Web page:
WHO WILL SURVIVE AND WHAT WILL BE LEFT OF THEM?
One of the most influential horror movies ever made was inspired by the story of notorious serial killer Ed Gein. In spite of a short running time, the story is a bit protracted but simple and very effective, with a bunch of laidback teens on a road trip, encountering the most deranged family in the South. Several sequences are still very unsettling to watch. Tobe Hooper brings a lot to the party, with an innovative visual style; he also uses plenty of humor to make us care for the characters, and that doesn’t go away when the horror sets in. The abominable Leatherface has a shocking first scene, but there’s also something comically pathetic about this 1970s’ answer to Frankenstein’s monster.
1974-U.S. 83 min. Color. Produced and directed by Tobe Hooper. Screenplay: Tobe Hooper, Kim Henkel. Cast: Marilyn Burns (Sally Hardesty), Gunnar Hansen (Leatherface), Edwin Neal (The Hitcher), Allen Danzinger, Paul A. Partian, William Vail. Narrated by John Larroquette.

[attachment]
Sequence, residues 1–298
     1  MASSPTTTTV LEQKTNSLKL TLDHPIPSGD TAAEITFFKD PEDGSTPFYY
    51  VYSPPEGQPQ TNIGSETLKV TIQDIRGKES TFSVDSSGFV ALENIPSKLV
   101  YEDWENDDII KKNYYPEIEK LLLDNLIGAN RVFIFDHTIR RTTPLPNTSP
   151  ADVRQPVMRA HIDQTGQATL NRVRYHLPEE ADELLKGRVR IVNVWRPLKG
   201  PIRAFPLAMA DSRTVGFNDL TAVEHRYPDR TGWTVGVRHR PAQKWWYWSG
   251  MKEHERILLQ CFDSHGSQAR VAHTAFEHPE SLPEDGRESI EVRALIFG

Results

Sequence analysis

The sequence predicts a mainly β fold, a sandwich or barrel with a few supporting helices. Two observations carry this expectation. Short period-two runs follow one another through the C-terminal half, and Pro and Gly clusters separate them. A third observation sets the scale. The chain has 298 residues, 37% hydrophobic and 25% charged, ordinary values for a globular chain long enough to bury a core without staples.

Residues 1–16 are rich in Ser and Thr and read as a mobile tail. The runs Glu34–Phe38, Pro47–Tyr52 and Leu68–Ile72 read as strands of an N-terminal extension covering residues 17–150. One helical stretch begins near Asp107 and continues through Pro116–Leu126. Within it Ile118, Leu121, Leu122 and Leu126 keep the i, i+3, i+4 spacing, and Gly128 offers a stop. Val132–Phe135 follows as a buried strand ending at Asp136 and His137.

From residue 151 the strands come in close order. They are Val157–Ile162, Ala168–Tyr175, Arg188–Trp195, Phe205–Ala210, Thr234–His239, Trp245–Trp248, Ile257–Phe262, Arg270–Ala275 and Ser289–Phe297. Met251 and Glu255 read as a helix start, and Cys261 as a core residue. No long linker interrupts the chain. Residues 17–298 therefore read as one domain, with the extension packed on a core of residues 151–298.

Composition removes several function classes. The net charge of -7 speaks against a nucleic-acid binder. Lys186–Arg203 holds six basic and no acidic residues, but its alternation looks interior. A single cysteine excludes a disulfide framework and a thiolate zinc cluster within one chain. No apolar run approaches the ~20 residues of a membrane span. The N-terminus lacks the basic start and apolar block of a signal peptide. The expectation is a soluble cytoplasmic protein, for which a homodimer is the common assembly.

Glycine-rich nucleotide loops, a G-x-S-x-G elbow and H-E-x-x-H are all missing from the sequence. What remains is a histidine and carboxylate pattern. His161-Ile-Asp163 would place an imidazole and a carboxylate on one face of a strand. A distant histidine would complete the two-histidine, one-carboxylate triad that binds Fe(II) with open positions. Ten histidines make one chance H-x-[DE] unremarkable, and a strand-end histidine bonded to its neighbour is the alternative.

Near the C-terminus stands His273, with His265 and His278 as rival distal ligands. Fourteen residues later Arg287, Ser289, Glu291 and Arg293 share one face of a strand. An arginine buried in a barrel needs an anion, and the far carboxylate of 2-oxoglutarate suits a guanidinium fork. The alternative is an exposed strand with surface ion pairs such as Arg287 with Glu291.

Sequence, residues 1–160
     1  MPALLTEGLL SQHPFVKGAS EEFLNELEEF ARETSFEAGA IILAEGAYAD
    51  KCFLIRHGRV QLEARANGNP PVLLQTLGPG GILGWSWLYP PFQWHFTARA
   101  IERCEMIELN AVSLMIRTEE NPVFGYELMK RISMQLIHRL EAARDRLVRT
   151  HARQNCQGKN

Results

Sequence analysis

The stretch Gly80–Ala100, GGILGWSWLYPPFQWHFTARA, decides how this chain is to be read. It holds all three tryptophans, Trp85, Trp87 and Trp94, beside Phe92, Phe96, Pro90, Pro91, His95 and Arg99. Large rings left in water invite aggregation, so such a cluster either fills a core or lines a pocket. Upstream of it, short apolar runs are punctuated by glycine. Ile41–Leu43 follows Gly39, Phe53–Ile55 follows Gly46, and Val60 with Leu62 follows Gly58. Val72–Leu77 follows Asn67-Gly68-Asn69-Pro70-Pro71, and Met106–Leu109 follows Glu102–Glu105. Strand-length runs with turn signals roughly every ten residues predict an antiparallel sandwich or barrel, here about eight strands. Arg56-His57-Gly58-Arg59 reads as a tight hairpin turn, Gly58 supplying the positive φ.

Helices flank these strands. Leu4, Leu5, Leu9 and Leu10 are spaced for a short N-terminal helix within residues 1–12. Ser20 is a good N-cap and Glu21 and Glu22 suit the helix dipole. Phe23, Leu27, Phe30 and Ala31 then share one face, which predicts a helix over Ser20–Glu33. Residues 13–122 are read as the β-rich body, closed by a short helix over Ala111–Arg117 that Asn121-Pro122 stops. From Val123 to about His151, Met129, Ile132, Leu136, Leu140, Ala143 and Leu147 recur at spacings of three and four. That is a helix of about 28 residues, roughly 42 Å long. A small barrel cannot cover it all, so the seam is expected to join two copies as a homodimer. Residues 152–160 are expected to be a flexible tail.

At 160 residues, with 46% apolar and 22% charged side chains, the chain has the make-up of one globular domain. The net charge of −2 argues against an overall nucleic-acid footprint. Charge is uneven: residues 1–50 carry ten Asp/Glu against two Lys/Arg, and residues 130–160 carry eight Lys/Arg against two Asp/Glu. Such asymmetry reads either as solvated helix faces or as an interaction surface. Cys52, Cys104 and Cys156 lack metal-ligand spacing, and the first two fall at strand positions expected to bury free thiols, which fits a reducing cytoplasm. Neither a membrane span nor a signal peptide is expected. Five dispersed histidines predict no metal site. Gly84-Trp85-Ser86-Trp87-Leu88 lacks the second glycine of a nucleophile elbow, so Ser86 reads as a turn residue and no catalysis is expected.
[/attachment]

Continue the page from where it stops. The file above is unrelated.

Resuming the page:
Trivia: Followed by two sequels, starting with The Texas Chainsaw Massacre 2 (1986), and two prequels (The Texas Chainsaw Massacre: The Beginning (2006), Leatherface (2017)). Remade in 2003 as The Texas Chainsaw Massacre. The franchise was rebooted, with very clear ties to the original, as Texas Chainsaw 3D (2013).
Last word: “That was the heaviest set I’ve ever been on. It was miserable, really. That added to a part of the chemistry that caused certain behavior. The heat, the smoke and bones are cooking under the hot lights. All of that, it’s kind of like a war dance, American Indian War Dance. You start working at a pace and when everyone is involved equally, something intangible, something metaphysical, is being created when everyone is in the same mind space. And that’s what was going on. I didn’t know that exactly at the time, in the beginning. But about halfway through I started understanding this war dance concept. And at a certain point that energy starts helping you go in the direction you intend to take it in.” (Hooper, Indiewire)